February 26, 2014

Comedy Club Looks to Set Itself Apart From Others

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The newly registered Cornell Comedy Club — an organization with a focus on stand-up and written humor — will begin holding weekly meetings Tuesday.

Conceived last Spring, C3 saw several of its initial members graduate and did not hold fall meetings due to issues with recruitment and scheduling, according to club president Roma Patel ’16. As a result, the club was not registered with the University last semester.

Lyle Berstein ’16 said C3 differs from many other comedy groups on campus because it takes a more holistic approach to comedy techniques.

“We do everything, from stand-up comedy to improv,” said Berstein. “We are also working to create comedy videos for Youtube.”

Marguerite Silverman ’16, vice president of C3, added that the club hopes to set itself apart from other comedy groups on campus.

“Our goals for this semester are primarily to introduce and establish a new style of comedy on campus that differs from other groups in that our focus is on stand-up and written comedy as opposed to improv and sketches.

Last spring, weekly meeting consisted of developing jokes and practicing stand-up routines, according to Patel.

“People would contact us and ask us to perform, and we want to keep on doing that,” she said.

Patel said the only significant change she plans on making to C3’s formula is implementing a tryout process to perform.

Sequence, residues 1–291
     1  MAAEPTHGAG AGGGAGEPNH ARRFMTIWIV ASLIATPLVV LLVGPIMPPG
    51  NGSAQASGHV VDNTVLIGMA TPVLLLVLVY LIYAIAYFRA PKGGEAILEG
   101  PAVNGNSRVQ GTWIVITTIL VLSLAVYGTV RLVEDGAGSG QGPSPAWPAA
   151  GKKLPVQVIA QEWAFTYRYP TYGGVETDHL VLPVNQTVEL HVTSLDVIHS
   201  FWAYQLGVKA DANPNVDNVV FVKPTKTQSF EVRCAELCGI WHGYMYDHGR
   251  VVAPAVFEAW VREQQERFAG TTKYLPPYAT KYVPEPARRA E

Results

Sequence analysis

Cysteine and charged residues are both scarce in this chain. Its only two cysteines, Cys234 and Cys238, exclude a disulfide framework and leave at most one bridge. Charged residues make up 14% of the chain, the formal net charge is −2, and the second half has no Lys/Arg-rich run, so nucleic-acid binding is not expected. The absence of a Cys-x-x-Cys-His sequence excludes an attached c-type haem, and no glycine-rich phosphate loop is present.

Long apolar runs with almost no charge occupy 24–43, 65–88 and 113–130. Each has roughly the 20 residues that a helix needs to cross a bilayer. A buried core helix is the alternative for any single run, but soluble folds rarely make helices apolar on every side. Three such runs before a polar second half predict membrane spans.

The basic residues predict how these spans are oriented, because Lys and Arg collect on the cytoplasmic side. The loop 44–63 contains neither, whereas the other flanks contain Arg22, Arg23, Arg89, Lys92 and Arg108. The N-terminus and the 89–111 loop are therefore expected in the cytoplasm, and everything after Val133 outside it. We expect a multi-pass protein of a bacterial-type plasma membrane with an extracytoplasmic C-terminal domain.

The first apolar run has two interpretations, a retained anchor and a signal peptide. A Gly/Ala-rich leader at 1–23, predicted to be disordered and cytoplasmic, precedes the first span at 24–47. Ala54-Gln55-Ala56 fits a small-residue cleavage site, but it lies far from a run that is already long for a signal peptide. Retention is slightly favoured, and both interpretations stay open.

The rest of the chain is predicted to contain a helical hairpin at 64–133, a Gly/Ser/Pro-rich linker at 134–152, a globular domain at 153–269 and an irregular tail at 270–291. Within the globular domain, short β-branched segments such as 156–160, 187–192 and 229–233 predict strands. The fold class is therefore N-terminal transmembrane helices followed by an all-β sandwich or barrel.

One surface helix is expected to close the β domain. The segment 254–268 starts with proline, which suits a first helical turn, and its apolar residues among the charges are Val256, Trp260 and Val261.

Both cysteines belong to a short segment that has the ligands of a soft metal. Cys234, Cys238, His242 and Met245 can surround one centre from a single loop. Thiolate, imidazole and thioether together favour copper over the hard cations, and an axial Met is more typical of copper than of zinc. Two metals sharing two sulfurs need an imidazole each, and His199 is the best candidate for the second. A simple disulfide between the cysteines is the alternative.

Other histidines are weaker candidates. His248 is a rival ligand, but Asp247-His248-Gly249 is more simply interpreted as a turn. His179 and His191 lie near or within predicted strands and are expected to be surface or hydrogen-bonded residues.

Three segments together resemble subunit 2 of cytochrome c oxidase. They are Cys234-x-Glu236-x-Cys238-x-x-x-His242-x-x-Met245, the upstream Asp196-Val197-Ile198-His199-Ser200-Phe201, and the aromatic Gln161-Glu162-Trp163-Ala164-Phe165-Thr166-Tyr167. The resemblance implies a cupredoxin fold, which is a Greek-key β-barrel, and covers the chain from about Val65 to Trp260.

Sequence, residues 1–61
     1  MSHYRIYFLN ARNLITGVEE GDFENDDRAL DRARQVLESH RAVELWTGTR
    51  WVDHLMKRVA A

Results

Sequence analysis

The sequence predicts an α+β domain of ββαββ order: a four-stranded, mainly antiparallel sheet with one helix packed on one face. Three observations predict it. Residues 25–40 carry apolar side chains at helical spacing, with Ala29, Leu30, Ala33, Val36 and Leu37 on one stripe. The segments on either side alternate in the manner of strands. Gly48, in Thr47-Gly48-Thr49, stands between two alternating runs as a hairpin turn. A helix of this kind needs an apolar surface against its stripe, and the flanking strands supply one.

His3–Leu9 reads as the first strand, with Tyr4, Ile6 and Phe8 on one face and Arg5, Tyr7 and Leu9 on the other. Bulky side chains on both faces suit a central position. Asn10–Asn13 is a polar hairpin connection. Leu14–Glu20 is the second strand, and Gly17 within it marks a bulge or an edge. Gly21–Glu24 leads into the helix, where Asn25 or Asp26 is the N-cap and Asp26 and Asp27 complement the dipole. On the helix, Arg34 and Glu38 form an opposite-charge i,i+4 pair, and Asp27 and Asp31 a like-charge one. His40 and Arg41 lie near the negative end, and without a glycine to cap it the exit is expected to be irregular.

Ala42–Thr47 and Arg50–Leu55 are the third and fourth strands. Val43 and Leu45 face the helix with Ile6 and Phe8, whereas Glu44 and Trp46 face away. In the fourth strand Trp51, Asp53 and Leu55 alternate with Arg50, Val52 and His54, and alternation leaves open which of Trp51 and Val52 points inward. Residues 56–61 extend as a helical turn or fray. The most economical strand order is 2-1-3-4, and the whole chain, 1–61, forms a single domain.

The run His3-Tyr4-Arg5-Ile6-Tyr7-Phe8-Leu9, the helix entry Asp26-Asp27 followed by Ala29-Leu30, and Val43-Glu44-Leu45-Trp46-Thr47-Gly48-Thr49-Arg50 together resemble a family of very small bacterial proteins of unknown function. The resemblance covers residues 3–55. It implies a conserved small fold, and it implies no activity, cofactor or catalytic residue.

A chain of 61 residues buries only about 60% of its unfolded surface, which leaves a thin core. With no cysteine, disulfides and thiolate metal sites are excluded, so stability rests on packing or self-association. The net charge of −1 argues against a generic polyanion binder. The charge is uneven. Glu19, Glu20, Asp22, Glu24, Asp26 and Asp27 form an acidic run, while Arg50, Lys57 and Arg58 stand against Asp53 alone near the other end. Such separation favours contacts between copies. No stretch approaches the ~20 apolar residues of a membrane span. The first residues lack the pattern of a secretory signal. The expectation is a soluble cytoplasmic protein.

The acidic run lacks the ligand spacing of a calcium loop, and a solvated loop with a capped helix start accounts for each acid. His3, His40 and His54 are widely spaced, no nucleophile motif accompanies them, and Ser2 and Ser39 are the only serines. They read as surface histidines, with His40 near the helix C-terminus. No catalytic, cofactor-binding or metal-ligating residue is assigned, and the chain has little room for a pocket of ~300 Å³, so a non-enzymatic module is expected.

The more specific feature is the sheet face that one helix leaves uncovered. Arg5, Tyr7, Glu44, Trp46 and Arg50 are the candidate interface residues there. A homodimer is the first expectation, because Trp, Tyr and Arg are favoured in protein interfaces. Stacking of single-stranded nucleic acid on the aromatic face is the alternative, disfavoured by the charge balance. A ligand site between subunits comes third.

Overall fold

“The only thing we’re changing this year is that we are making the whole process a little more formal and selective,” Patel said.

Silverman said the group is seeking to increase its visibility on campus.

“[We] want to increase our membership and become a well-known comedy group on campus and … just have a good time with fellow performers and lovers of comedy,” Silverman said.

Cornell students have already expressed interest in C3’s return.

“I think that there is a distinct difference between a comedy club and a comedy group that performs,” Millicent Kastenbaum ’16 said. “I think comedy clubs service a unique niche that comedy groups do not.”

Kastenbaum said that the club may appeal to students that do not have the time to perform comedy and would instead prefer to meet in an informal setting.

“They may want to learn more about it and meet with others who are interested in comedy as well,” Kastenbaum said. “And I think this is where something like a comedy club comes in.”

The organization encourages anyone slightly interested in comedy to join and attend its weekly meetings, according to Berstein.

“You don’t need to have any prior experience to have a good time,” he said.